Engaged citizens across Minnesota urge political hopefuls to fight corporate corruption of government.
By now, David Cobb's visits to Duluth are enough to garner the attention of mainstream politics.
"We started out with 12 people in a living room in 2010," said Cobb of his movement to limit the influence of money on elections by amending the Constitution. "Now we've got 75 affiliates with 405,000 people and growing."
This is an update about where things stand with Citizens United at the local, state, and national level. Our local Duluth MTA now has over 350 FB members. Our state now has over 10,600 members, starting from just a few hundred three years ago, while our national movement now has over 400,000 members. Move to Amend is now working in coordination wth dozens of other like-minded organizations. Thanks for taking the time to consider this.
The News Tribune’s Feb. 16 editorial resisted amending our Minnesota Constitution through a ballot process, as outlined in our Minnesota Constitution (Our View: “Don’t let politics alter Constitution”).
The editorial agreed that a problem exists with openness and transparency in Minnesota government but did not agree that the people should be allowed to vote to fix the problem. While the editorial may be correct that the House majority may be counted on to vote as a caucus on this effort to make Minnesota politics more open and transparent, this has gone on for far too long.
Move to Amend is a grassroots movement seeking to build support for a constitutional amendment that would overturn the U.S. Supreme Court’s Citizens United ruling and establish that corporations are not people and do not have the right to spend unlimited sums of money on political advertising.
One of the organization’s leaders, David Cobb, spoke to 100 or so intensely focused activists Tuesday night at the First Unitarian Society in Minneapolis.
A group of activists protested the role money plays in American politics with a light display on the Walker Art Center bridge on Saturday night, after the first day of Rock the Garden concluded.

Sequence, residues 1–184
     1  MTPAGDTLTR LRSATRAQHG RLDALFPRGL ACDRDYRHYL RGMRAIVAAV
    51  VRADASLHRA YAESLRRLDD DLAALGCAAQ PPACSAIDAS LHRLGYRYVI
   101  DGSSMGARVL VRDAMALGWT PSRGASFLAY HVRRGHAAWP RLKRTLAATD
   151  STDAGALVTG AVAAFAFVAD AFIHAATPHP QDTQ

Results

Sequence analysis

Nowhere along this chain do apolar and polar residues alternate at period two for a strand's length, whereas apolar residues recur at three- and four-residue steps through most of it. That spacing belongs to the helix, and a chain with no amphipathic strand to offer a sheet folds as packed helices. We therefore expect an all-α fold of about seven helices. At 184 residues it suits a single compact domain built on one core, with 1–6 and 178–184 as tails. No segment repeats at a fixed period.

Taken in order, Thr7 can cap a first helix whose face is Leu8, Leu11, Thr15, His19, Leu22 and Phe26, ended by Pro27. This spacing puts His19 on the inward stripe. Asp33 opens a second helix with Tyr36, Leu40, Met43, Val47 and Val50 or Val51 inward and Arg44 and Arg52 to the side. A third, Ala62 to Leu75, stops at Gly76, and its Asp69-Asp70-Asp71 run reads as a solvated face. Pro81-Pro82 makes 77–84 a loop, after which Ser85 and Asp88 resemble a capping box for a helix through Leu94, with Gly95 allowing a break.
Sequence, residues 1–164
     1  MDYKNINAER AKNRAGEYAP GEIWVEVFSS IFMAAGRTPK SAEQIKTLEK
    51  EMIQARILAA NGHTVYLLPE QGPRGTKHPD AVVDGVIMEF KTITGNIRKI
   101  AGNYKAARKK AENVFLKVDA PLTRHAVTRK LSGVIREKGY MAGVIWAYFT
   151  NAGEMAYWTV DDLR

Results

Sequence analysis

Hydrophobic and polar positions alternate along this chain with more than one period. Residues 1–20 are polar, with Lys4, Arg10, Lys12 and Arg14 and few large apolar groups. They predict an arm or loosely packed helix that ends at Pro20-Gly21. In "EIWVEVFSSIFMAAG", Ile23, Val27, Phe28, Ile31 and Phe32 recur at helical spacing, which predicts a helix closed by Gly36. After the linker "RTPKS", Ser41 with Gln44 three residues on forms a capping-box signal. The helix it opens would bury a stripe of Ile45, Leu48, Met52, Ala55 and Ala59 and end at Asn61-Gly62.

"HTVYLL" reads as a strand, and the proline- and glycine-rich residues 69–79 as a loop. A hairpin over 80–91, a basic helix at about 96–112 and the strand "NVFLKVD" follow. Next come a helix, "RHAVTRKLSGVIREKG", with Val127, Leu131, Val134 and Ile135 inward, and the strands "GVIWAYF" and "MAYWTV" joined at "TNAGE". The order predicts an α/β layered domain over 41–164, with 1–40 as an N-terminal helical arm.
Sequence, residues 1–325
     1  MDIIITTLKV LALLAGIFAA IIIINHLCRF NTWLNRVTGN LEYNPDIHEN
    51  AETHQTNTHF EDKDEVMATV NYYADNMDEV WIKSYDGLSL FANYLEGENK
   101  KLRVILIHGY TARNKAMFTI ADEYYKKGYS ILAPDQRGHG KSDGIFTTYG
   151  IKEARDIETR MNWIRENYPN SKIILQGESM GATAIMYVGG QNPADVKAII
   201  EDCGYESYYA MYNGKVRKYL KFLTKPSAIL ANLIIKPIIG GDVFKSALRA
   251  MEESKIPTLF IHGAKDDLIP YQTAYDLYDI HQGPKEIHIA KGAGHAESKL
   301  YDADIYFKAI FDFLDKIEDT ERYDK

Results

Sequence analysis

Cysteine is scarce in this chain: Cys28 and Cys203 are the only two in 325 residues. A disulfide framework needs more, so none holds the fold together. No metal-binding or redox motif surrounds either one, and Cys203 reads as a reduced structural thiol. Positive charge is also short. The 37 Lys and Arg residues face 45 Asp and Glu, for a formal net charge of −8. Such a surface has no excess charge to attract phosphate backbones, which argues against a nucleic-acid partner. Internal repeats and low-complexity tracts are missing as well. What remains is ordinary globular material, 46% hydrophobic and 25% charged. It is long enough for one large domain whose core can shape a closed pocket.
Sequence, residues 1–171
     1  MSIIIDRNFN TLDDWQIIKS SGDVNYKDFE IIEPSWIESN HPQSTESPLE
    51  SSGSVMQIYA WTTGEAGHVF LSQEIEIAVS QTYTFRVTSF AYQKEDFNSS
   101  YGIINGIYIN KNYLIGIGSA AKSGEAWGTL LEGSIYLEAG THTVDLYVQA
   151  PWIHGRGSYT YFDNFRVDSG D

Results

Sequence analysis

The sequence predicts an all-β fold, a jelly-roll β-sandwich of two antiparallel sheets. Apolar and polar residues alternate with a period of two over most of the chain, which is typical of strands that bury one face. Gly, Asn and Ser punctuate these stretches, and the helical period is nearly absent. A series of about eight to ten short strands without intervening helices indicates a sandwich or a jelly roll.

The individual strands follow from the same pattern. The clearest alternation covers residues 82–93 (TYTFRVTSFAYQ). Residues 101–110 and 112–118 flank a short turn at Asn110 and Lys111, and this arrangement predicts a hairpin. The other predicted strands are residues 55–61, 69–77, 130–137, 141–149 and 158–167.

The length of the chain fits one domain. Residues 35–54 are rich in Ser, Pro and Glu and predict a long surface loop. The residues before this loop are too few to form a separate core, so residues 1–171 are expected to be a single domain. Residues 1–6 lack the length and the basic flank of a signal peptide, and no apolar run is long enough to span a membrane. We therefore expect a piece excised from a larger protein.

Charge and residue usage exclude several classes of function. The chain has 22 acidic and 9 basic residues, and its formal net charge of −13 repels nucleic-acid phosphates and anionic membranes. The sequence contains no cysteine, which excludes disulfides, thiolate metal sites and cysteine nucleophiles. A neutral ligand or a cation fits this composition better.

The mere mention of abortion has appeared to derail a Minnesota push for a constitutional amendment overruling the U.S. Supreme Court’s Citizen United decision.
That decision ruled “corporations are people,” upending corporate political spending bans as free speech violations. Several states have passed a resolution calling for a Constitutional Convention to supersede the court. The Minnesota Senate passed that resolution last year.
Readers Write - Letter of the Day
Our state ought to be joining others taking our elections back for the people.
The "We the People" Act HF 276/ SF 17 has passed Minnesota's Civil Law Committee and needs everyone's help as it faces an imminent make or break close vote in the full State House. It succinctly requests a U.S. Constitutional Amendment to overthrow the Supreme Court's rulings in favor of both Citizens United and Shaun McCutcheon. Thanks to a citizen’s organization called Move to Amend, 500 cities/ towns plus 16 States have voted in support, and with HR 276 Minnesota could be the next.
The Minnesota Senate already passed legislation calling on Congress to overturn Citizens United, the controversial 2010 U.S. Supreme Court ruling which held that the First Amendment prohibits the government from restricting political independent expenditures by corporations, associations, or labor unions. Now, the House is trying to do the same thing. The bill's chief author, Rep. Ray Dehn, D-Minneapolis, says as things stand right now, the House vote will come down to a "thin margin."